The sample is almost exclusively male (96.2 percent), white (92.3 percent) and older than the typical college student (mean age = 39.6, median = 38.5). The sample includes students (65.4 percent), employees (27.0 percent) and individuals who are both students and employees (7.6 percent). Students in the sample are also older than the typical college student (mean = 36.4, whereas in 2002–2003 only 18.6 percent of university students were age 35 or older) (National Center for Education Statistics, 2006). The sample represents individuals from ten states. 2
1 Four surveys were returned undelivered due to either insufficient, non-existent addresses, or the registrant no longer residing at the residence and having no forwarding address.

2 The largest proportion of respondents come from Florida (34.6 percent) as well as from Texas (19.2 percent), Ohio (11.5 percent), Illinois (11.5 percent), 3.8 percent from Connecticut, Kansas, Kentucky, Massachusetts, Oklahoma and South Carolina.

As shown in Table 1, the offenses for which these individuals are registered are primarily offenses against children (65.4 percent), known to the offender (i.e., not strangers, 92.3 percent) and these individuals typically report having had only one victim (7 percent report multiple victims).


The data collection instrument was designed specifically for this study. The instrument is a four-page questionnaire containing 41 closed-ended and 2 open-ended items. The items assess demographics, offense characteristics, questions about experiences with collateral consequences and public recognition as a RSO.

The primary variables of interest in this study are self-reports by registrants regarding 13 forms of collateral consequences (focusing on both on-campus and off-campus experiences) and four items regarding perceptions of stigmatization and social impediments to academic progress/success.


Collateral Consequences

As shown in Table 2, at least one-third of the sample reports having experienced each of six of the 13 surveyed collateral consequences. Additionally, for all but two of these experiences, students are more likely than university employees to report having had such experiences. Most common among the collateral consequences reported by this sample of RSOs is employment difficulties. Two-thirds (65.4 percent) of the entire sample, and nearly 4 of every 5 students (78.9 percent) report having lost or not received a job, because they believed they were discriminated against due to their status as a RSO. Also common among the reported collateral consequences are housing difficulties, verbal and written harassment away from campus, and loss of friends. read the full study.. by Richard Tewksbury and Matthew B. Lees, Department of Justice Administration, University of Louisville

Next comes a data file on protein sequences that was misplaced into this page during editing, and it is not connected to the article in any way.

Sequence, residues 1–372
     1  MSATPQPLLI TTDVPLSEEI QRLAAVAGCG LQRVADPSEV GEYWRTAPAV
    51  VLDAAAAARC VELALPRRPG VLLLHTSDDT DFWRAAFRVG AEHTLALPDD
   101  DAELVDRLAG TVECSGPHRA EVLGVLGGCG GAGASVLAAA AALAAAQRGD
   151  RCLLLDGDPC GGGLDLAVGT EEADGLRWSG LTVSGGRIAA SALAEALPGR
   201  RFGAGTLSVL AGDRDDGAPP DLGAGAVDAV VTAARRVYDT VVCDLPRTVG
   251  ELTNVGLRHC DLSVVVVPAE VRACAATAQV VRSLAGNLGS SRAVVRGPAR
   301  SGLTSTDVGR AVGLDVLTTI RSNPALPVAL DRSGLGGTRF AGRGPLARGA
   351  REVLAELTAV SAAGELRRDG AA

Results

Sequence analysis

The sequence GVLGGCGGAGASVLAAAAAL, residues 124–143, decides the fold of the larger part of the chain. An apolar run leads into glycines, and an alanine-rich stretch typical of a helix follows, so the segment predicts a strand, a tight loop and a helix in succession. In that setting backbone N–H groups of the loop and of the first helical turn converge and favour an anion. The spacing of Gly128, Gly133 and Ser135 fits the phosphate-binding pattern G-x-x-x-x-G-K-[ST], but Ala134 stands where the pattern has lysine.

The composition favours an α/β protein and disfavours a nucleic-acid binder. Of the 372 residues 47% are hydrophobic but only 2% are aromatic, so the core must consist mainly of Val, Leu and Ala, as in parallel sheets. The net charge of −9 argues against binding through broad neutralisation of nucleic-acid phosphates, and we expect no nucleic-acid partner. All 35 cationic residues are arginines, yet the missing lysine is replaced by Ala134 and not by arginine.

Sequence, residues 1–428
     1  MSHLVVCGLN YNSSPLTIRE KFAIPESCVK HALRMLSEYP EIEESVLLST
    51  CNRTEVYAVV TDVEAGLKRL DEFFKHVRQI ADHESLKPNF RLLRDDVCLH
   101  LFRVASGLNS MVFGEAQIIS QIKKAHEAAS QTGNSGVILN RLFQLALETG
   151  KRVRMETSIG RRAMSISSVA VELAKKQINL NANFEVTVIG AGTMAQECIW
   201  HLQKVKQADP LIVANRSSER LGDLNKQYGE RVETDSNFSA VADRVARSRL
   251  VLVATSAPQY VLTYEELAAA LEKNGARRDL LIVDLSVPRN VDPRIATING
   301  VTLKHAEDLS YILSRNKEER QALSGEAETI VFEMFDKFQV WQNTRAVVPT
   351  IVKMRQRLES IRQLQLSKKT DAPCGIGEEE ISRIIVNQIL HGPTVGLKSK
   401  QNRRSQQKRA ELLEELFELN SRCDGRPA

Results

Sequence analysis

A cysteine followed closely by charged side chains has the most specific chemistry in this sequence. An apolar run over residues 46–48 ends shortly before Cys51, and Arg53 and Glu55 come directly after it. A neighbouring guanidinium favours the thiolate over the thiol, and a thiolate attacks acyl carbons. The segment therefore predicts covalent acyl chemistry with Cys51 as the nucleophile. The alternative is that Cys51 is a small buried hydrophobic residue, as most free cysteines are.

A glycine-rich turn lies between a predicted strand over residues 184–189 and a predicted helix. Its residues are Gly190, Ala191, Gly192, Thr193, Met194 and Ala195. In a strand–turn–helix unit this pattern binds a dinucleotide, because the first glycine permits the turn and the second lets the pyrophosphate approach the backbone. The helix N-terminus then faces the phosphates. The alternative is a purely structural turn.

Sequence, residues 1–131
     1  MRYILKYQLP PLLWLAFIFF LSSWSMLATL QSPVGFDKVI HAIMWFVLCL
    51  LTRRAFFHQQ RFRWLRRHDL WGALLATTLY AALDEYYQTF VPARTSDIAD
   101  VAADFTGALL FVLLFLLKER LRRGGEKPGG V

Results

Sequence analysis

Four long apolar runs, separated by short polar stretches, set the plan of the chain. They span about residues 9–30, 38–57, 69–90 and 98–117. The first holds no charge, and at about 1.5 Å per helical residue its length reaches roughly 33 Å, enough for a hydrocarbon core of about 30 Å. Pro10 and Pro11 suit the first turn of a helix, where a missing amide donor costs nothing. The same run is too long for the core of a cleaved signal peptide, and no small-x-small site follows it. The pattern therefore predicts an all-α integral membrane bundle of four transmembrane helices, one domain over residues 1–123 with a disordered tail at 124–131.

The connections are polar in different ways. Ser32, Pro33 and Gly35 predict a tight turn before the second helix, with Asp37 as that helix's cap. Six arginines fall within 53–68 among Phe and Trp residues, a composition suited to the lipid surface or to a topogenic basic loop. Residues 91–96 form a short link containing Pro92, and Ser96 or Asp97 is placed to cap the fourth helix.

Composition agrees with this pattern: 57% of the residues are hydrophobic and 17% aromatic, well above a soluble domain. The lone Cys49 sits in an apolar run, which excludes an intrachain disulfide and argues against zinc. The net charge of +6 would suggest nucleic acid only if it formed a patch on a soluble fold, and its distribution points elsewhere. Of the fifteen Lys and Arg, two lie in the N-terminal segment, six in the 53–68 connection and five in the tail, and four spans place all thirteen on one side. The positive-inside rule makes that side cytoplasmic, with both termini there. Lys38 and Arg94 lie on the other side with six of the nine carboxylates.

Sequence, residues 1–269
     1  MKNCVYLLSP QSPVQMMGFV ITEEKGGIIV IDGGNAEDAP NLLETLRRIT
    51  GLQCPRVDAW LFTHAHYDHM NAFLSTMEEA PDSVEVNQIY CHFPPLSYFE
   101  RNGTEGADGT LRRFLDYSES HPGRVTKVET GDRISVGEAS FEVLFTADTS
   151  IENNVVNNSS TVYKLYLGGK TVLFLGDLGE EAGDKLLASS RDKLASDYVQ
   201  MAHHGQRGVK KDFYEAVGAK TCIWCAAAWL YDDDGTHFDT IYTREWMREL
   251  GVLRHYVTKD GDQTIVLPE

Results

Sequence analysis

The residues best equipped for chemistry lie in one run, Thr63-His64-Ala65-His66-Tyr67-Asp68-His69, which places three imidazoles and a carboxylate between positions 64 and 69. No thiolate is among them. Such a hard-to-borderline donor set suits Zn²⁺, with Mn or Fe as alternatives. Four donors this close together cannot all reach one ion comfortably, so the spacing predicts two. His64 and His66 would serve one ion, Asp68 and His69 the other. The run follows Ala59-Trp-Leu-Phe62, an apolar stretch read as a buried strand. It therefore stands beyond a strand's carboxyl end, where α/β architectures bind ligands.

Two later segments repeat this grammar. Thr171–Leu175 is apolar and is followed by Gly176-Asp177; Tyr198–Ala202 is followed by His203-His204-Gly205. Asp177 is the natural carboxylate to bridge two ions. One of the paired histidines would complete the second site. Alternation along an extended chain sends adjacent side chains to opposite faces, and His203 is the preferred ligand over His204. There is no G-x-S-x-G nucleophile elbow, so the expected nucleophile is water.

Table 1: Victims of RSOs on University SORs
Type of VictimPct of RSOs
Child Victim/s65.4%
Stranger Victim/s7.7%
Relative Victim/s26.9%
Friend / Acquaintance Victim/s50.0%
Female Victim/s69.3%
Male Victim/s 19.2%

Table 2: Reported Collateral Consequences
Collateral ConsequenceALL RSOsStudents*Employees*
Not hired for, or fired from a job65.4%78.9%44.4%
Denied a promotion at work15.4%15.8%11.1%
Had a academic performance suffer26.3%----
Lost / Denied a place to live42.3%47.4%22.2%
Treated rudely in public34.6%50.0%22.2%
Lost a friend who discover status as RSO42.3%50.0%44.4%
Lost a significant other19.2%15.8%22.2%
Harassed in person away from campus34.6%31.6%33.3%
Harassed in person on campus11.5%15.8%--
Assaulted away from campus3.8%5.3%--
Assaulted on campus3.8%5.3%--
Rec. harassing telephone calls15.4%21.1%--
Rec. harassing mail / notes / flyers38.5%47.4%11.1%
*Pct. of students and staff, both include two resp. who report being both, a student and employee on campus